With complete control over its hardware and software, Apple over the years has strengthened its security features for Mac. Called Gatekeeper, Mac's anti-malware platform was introduced with Mountain Lion back in 2012. So far, there was no problem. But on November 12 when Apple launched its macOS Big Sur and users tried to upgrade to the latest operating system, serious server outages prevented third-party apps and even Apple apps like iMessage and Apple Pay from launching.
The slowdown led security researchers to analyze the problem and they found that every time a user launches an application, it pings to the Apple server to check for a valid certificate. If the software was notarized by Apple, it would launch, otherwise, it will be blocked to prevent the user from opening a probable malicious piece of code. However, as Gatekeeper verifies notarization through the internet, the server logs in the IP address, allowing city-level geolocation. That's a breach of privacy even if it is not meant to harm the user.
Breach of Privacy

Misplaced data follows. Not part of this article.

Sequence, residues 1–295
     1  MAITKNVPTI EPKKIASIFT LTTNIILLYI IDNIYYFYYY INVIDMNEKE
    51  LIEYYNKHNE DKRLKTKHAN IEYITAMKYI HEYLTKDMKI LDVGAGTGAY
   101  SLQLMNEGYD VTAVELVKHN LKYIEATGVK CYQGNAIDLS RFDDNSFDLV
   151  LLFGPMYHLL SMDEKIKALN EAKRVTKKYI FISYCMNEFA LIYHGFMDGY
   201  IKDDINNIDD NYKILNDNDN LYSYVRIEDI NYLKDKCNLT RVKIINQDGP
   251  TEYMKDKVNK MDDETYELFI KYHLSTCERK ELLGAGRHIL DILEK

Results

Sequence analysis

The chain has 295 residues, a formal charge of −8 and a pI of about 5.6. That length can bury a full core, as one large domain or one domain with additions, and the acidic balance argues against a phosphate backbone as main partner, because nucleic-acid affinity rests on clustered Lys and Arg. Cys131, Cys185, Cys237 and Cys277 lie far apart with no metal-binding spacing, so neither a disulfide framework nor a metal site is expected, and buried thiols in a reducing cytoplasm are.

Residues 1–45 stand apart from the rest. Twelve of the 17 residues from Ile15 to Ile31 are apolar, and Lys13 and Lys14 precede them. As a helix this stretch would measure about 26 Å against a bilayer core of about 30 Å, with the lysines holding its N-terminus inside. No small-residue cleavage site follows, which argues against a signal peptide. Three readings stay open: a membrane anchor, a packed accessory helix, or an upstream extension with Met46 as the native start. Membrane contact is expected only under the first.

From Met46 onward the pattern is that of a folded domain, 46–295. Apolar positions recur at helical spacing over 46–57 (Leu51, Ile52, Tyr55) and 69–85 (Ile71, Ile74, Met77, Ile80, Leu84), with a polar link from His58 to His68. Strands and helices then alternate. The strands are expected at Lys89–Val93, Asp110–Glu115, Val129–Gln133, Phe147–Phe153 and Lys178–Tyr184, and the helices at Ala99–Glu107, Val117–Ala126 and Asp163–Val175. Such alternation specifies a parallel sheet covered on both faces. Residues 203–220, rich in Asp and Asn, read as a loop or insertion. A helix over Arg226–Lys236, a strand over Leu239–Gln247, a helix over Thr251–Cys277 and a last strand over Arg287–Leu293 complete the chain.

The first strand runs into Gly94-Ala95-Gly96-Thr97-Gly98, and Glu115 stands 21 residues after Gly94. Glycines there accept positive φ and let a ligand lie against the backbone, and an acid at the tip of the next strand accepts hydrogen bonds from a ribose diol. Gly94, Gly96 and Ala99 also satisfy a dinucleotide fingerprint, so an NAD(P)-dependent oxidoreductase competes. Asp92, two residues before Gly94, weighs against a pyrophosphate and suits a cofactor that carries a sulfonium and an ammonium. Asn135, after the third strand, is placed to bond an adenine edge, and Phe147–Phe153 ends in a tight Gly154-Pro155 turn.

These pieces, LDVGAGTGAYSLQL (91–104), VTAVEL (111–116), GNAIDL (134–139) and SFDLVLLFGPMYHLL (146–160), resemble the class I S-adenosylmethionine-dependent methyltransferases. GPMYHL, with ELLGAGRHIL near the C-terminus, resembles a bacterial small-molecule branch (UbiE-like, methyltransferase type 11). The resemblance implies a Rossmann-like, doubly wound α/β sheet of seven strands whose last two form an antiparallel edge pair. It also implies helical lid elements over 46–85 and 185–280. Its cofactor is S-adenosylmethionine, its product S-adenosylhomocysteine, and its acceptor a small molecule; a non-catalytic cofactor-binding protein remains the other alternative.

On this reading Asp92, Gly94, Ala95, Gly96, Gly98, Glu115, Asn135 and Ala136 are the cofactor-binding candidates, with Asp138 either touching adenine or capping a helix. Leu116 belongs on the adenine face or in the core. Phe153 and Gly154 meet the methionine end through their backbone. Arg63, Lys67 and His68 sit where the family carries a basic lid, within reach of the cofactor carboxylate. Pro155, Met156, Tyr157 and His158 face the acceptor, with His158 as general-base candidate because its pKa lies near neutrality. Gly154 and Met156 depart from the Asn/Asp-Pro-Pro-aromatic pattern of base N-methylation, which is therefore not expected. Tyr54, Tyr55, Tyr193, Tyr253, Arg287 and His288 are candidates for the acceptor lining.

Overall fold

What Apple does is use OCSP (Online Certificate Status Protocol) process to verify certificates. But the problem is OCSP uses the old plaintext HTTP on port 80 without any encryption, meaning that malicious actors or Apple can eavesdrop and collect information. That further raised privacy concerns.
"This means that Apple knows when you're at home. When you're at work. What apps you open there, and how often. They know when you open Premiere over at a friend's house on their Wi-Fi, and they know when you open Tor Browser in a hotel on a trip to another city," cybersecurity researcher Jeffrey Paul wrote in his blog post.
Is Apple Spying?
However, Apple uses the old HTTP to prevent loops. If OCSP was using HTTPS, the server had to check valid HTTPS certificate besides OCSP, lengthening the process and putting extra pressure on the server, explained another cybersecurity researcher Jacopo Jannone. Besides that, Apple checks the certification validity only once when you open the app for the first time after boot and stores the data on the computer to prevent OCSP from running again.
Later, Apple issued a clarification about the method and said that it never collected Apple IDs and device identification during software security checks or the OCSP process. However, Paul's concerns were valid and Apple said that it would make changes to the process and will stop logging IP addresses for checking validity. Furthermore, Apple will introduce an option for Mac users to opt-out of the notarization checks "over the next year."